I’m really excited about meeting Paige – she’s a tech geek chick who is a Windows person, with an open mind to learn about Macs. She and I will make a great team together! She also told me about a thing called BX Radio at BXRadio.net/coolcast, which is a streaming radio station called CoolCast. CoolCast streams podcasts all day long, and Views from the Coop is one of them. She thinks she can get the NosillaCast on there, wouldn’t that be cool? I’d love to have more ways to have my podcast be distributed, the more the merrier!
Windows cost on the Mac
With all this talk of putting Windows on the Mac, I may never have mentioned that you have to actually BUY Windows in order to do this. The $70 Parallels package doesn’t come with it, and neither does Boot Camp. Here’s the shocking part for both Windows and Mac users – Windows XP home retails for $200 US if you buy it without a computer! and if you want XP Professional, it’s $300! Can you believe that? You’d think it would be at least discounted by now! The reason none of us know this is because we usually buy computers with Windows, and it’s bundled in for somewhere around $100. that version of Windows is referred to as an OEM license, or Original Equipment Manufacturer. Dell, or HP or whoever you bought it from is the OEM.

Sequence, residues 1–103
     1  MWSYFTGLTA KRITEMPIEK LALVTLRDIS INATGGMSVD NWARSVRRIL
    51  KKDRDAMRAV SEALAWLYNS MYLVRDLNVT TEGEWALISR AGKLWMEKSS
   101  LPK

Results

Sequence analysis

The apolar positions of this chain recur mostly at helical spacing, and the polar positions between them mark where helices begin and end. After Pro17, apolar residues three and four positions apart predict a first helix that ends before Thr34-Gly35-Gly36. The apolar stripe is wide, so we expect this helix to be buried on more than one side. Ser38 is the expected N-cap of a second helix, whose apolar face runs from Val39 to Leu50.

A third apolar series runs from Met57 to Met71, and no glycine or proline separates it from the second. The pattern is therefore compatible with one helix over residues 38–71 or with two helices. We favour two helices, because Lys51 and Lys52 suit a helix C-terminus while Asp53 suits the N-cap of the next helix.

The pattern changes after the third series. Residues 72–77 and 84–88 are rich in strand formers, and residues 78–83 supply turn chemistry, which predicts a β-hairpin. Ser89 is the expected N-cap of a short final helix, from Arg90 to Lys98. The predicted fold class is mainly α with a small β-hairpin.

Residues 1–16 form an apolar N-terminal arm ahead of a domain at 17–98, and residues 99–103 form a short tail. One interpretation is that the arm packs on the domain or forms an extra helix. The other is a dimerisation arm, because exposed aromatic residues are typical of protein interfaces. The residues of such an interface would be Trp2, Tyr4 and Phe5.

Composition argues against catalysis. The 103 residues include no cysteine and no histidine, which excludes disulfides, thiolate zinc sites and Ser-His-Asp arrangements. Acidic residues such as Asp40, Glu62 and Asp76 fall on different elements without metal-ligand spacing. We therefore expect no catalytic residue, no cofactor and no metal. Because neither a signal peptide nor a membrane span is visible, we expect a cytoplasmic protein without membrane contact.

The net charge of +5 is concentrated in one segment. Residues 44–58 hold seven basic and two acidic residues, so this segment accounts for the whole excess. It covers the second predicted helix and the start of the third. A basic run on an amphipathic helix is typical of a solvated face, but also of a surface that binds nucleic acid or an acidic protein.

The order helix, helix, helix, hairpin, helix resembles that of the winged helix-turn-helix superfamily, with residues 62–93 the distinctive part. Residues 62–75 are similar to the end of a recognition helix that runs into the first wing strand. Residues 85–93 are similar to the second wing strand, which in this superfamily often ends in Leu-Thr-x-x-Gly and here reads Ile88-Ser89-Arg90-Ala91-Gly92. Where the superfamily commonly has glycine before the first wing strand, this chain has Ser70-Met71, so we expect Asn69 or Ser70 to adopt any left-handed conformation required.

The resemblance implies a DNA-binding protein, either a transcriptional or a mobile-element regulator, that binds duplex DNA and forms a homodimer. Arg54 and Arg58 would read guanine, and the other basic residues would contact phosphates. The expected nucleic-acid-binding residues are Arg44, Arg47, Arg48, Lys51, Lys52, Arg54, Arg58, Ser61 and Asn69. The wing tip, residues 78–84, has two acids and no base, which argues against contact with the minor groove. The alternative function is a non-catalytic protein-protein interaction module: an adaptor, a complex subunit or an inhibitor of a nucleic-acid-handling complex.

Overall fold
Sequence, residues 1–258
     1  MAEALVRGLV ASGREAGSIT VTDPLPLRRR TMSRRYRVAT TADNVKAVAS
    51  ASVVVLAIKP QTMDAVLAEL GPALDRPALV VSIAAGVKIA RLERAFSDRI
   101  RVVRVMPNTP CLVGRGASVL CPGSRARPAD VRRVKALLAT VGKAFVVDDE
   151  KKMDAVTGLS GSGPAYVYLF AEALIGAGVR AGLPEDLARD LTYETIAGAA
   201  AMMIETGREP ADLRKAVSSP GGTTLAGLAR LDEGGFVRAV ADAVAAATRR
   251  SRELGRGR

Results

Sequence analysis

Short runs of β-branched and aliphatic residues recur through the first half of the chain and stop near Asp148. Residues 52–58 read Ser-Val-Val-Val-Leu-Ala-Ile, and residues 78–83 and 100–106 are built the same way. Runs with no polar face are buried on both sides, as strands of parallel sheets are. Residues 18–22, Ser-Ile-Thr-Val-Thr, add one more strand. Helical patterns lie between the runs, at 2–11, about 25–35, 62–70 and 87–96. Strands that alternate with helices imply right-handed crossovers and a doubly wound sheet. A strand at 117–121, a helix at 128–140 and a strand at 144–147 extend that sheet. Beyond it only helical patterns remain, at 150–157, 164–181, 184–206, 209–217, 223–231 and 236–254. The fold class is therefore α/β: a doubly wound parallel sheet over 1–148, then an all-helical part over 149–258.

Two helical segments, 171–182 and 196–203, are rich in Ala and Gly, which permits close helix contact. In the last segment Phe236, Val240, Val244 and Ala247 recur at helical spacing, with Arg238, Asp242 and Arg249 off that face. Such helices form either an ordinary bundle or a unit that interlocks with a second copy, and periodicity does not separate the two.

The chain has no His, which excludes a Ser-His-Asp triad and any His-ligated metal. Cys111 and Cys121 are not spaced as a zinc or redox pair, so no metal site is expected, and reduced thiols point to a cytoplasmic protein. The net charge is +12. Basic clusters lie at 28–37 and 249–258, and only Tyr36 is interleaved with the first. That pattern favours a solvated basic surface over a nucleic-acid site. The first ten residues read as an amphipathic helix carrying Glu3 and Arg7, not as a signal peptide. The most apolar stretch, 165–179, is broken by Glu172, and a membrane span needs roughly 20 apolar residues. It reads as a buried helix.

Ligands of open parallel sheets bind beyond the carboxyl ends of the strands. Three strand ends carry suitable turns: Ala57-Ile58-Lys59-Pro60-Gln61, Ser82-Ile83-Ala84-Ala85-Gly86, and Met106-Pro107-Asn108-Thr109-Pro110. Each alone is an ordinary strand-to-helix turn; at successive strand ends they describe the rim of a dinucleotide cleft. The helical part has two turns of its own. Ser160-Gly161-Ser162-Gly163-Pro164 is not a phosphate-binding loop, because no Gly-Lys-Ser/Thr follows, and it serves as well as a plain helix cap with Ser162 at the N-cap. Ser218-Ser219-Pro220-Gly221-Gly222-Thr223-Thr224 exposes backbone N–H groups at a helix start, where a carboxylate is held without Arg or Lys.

So now you want to buy a Mac Mini, where the low end one is only $600 US for the 1.5GHz Core solo. not a bad price for a fast little machine. but now you throw XP Home on it and the price goes up by 30%!!! that’s because Apple doesn’t have any kind of licensing deal with Microsoft, so they are not an OEM. there is a sketchy way to get around this – some companies like New Egg will sell you an internal component for a computer like a bracket or cable, and you can buy Windows as an OEM. that seems dodgy to me, but make your own assessment there. I stumbled across a completely legitimate way to get Windows cheaper and that’s if you buy your Mac through MacMall. they have the low end Mac Mini for $574 US to start with, which is $25 cheaper than Apple direct, and then to buy it bundled with XP home it’s $694. That means you’re only paying $120 for XP. they also have it bundled with XP Pro for $744, or $170 for the OS instead of the retail $300. What’s weird is the pricing breaks down when you go to other models, and I’m not sure why. they ahve the MacBook Pros for a great price right now, so when they add XP to them they add it to the list price, which makes the delta for the OS actually MORE than the retail cost. Not sure why that would happen, I suspect someone hasn’t checked out these prices to see if they make sense. bottom line is if you’re looking for a new Mac and you think you’ll want XP to go on it, check out the bundles at MacMall.com.
It looks like that’s going to wrap it up for this episode of the NosillaCast, I hope you enjoy the two shows from Ron David, and I’ll talk to you when I get back, I’ll have a new episode out on August 6th. Please email me at firstname.lastname@example.org, you know how I love to get email comments, suggestions and even corrections! You can also send me audio comments if you’d like at email@example.com. thanks for listening, and stay subscribed!